For the third quarter of 2011, operating expenses decreased to $3.5 million as compared to $4.6 million for the same period in 2010. For the nine months ended September 30, 2011, operating expenses increased to $14.9 million as compared to $10.9 million for the same period in 2010. The increase in operating expense for the nine months ended September 30, 2010 to 2011 is primarily related to increased U.S. workover expense and increases in transportation expense and production taxes as a result of increased U.S. sales volumes. Operating costs per BOE increased from $10.50 per BOE for the third quarter of 2010 to $12.79 per BOE for the same period in 2011. Operating costs per BOE increased from $9.44 per BOE for the nine months ended September 30, 2010, to $17.65 per BOE for the nine months ended September 30, 2011. The

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significant increases in operating costs per BOE are due to the impact of both the increases in the dollar levels of operating expenses and the decreased volumes discussed above.
Depreciation, depletion and amortization (“DD&A”) expense decreased to $5.4 million from $7.7 million for the third quarter of 2011 and 2010, respectively, as a result of the decreased sales volumes. DD&A also decreased to $18.7 million from $21.3 million for the nine months ended September 30, 2011 and 2010, respectively, also as a result of the decreased sales volumes.
For the third quarter of 2011, the prices used in the full cost ceiling test for our U.S. properties were $94.48 per barrel for oil and $4.20 per Mcf for gas. We have completed our analysis of our test wells in the Alabama area and determined that the likely economic returns in the future would not warrant further investment and therefore reclassified these amounts as evaluated for full cost accounting purposes. We recorded an impairment of $28.8 during the third quarter of 2011 for our U.S. properties, including $18 million related to our decision to discontinue activities in Alabama. For the third quarter of 2011, the prices used in the full cost ceiling test for our U.K. properties were $105.30 per barrel for oil and $8.79 per Mcf for gas. The risk that we will be required to record additional impairments of our oil and gas properties, through the application of the full cost ceiling test in subsequent periods, increases when oil and gas prices are low or volatile.
General and administrative (“G&A”) expenses increased to $4.9 million during the third quarter of 2011 as compared to $4.2 million for the corresponding period in 2010. G&A expenses increased to $14.5 million during the nine months ended September 30, 2011 as compared to $12.9 million for the corresponding period in 2010. These increases primarily resulted from higher compensation expense due to expanding U.S. operations and increased legal, accounting, and consulting fees that pertain to our expanding U.S. operations. Components of G&A expenses for these periods are as follows:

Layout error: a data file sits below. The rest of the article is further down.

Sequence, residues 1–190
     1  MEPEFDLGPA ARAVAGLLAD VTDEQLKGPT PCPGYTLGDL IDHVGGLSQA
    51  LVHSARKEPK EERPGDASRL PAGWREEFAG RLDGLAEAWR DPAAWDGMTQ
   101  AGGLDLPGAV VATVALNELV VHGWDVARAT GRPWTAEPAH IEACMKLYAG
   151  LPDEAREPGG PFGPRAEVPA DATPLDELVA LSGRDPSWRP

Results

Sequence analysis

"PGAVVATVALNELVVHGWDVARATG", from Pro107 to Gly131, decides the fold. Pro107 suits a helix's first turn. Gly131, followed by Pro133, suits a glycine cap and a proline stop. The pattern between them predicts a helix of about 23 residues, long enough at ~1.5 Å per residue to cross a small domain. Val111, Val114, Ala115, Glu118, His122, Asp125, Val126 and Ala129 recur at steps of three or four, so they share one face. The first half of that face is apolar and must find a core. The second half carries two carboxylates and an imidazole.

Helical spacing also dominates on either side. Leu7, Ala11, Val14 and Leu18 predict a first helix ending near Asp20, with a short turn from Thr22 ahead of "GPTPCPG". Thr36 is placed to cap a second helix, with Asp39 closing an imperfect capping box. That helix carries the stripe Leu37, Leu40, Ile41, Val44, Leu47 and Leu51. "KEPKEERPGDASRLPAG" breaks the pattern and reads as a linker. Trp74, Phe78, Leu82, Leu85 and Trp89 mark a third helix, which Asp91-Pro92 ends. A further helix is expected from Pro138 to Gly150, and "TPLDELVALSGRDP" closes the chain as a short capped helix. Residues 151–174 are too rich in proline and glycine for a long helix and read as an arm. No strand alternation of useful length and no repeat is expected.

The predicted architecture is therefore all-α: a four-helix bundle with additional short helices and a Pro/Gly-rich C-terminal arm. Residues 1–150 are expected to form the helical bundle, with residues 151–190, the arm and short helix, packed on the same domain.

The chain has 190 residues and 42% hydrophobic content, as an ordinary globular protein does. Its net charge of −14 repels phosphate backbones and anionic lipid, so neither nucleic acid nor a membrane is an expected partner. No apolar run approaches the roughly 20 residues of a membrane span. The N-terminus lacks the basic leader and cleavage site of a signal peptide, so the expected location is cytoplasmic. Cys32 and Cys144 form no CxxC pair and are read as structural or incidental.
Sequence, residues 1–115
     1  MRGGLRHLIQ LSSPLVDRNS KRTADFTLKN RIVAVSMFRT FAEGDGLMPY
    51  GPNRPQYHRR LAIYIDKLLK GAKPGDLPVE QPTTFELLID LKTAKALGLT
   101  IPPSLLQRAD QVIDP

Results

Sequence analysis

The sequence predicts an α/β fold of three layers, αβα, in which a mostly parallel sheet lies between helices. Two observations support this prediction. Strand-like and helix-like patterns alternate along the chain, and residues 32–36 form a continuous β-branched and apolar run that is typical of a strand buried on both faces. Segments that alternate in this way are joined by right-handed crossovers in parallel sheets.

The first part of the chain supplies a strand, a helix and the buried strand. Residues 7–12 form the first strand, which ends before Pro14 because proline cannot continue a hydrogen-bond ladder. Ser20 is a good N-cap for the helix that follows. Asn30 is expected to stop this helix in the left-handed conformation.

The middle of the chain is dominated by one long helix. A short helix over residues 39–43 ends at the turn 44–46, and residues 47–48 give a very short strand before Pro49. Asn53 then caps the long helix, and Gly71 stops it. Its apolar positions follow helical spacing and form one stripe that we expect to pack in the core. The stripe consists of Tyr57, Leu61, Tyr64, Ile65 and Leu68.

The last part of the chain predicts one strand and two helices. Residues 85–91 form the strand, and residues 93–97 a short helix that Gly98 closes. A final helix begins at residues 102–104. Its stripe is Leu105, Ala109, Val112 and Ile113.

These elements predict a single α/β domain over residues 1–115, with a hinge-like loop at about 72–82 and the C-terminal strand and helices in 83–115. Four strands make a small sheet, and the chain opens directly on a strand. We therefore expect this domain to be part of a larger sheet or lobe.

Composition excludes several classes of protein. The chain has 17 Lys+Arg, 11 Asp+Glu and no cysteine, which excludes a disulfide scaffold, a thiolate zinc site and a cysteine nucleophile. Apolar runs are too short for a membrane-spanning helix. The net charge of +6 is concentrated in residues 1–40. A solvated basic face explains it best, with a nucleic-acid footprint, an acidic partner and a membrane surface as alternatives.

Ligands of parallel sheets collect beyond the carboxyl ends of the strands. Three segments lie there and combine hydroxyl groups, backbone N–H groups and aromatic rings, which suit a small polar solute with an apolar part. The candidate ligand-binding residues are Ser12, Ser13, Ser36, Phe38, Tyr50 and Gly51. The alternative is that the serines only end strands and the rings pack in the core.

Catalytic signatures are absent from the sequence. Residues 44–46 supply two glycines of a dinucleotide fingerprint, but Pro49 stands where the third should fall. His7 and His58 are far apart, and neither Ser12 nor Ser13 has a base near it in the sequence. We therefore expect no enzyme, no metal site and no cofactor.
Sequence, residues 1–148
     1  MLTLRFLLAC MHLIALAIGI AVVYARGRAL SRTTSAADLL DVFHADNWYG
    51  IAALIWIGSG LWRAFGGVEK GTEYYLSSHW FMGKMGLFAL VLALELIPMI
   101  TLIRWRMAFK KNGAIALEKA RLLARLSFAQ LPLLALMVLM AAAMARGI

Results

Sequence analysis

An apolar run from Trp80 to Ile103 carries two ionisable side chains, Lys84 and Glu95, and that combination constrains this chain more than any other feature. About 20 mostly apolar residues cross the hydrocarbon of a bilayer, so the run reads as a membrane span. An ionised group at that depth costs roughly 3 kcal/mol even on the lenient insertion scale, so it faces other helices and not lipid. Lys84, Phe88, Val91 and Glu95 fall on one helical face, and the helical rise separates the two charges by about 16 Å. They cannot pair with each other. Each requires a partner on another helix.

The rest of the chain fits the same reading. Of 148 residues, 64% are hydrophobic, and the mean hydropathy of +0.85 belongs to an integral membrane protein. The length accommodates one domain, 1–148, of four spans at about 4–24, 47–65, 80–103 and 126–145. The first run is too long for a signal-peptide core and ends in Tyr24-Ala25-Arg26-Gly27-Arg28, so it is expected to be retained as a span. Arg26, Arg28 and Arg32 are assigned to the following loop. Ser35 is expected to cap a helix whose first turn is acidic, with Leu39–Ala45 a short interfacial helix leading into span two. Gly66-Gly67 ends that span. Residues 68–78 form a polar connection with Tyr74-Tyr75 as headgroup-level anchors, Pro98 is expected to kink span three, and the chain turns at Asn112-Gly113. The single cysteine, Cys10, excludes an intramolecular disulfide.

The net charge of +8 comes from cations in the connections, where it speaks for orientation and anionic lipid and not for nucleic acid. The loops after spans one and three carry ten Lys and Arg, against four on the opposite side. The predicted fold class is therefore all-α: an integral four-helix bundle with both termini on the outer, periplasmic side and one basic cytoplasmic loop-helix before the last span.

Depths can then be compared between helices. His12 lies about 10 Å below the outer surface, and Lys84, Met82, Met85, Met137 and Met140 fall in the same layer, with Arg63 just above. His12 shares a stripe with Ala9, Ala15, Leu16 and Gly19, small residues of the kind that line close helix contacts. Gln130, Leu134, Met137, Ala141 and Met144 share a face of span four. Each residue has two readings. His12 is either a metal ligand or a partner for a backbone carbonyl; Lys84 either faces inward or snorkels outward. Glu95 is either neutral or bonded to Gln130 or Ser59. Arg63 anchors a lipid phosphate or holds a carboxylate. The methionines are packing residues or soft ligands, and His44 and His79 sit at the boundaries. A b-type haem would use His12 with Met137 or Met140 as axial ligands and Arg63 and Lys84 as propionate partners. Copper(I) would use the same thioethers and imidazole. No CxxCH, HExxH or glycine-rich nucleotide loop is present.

Three Months Ended     Nine Months Ended  
(Amounts in thousands)   September 30,     September 30,  
    2011     2010     2011     2010  
 
Compensation
  $ 5,034     $ 4,209     $ 14,901     $ 12,618  
Consulting, legal and accounting fees
    1,833       1,357       4,991       4,433  
Occupancy costs
    516       315       1,265       837  
Other expenses
    2       694       1,717       1,948  
 
Total gross cash G&A expenses
    7,385       6,575       22,874       19,836  
 
                               
Non-cash stock-based compensation
    940       789       2,733       2,786  
 
Gross G&A expenses
    8,325       7,364       25,607       22,622  
Less: capitalized G & A expenses
    (3,462 )     (3,127 )     (11,082 )     (9,749 )
 
Net G&A expenses
  $ 4,863     $ 4,237     $ 14,525     $ 12,873  
 
Interest expense increased by $1.8 million to $12.3 million for the third quarter of 2011 as compared to $10.5 million for the corresponding period in 2010. Interest expense increased by $10.9 million to $32.6 million for the nine months ended September 30, 2011 as compared to $21.7 million for the corresponding period in 2010. These increases were primarily due to

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increased interest costs related to the Senior Term Loan and the 5.5% Convertible Senior Notes, partially offset by the absence of interest in 2011 from our previously existing senior and junior debt which were repaid concurrently with the issuance of the Senior Term Loan. For the nine months ended September 30, 2011 and 2010, we had non-cash interest expense, including amortization of loan costs and discount, of $18.9 million and $12.2 million, respectively.
Income Taxes
The following summarizes the components of tax expense (benefit) (amounts in thousands):
                                 
    U.K.     U.S.     Other     Total  
 
Nine Months Ended September 30, 2011:
                               
Net income (loss) before taxes
  $ (7,094 )   $ (55,966 )   $ 8,530     $ (54,530 )
 
                               
Current tax expense
    8,764       4             8,768  
Deferred tax expense related to U.K. tax rate change
    25,387                   25,387  
Deferred tax benefit